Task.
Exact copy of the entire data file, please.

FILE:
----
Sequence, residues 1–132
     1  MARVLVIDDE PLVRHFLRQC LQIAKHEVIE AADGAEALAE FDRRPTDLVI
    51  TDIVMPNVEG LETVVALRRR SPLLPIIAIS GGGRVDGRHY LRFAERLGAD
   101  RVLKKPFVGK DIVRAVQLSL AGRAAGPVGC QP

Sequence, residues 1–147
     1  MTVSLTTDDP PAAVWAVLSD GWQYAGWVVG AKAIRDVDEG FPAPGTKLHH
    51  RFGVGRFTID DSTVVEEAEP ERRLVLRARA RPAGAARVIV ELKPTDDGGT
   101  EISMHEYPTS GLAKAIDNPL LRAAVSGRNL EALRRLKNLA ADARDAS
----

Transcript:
Sequence, residues 1–132
     1  MARVLVIDDE PLVRHFLRQC LQIAKHEVIE AADGAEALAE FDRRPTDLVI
    51  TDIVMPNVEG LETVVALRRR SPLLPIIAIS GGGRVDGRHY LRFAERLGAD
   101  RVLKKPFVGK DIVRAVQLSL AGRAAGPVGC QP

Sequence, residues 1–147
     1  MTVSLTTDDP PAAVWAVLSD GWQYAGWVVG AKAIRDVDEG FPAPGTKLHH
    51  RFGVGRFTID DSTVVEEAEP ERRLVLRARA RPAGAARVIV ELKPTDDGGT
   101  EISMHEYPTS GLAKAIDNPL LRAAVSGRNL EALRRLKNLA ADARDAS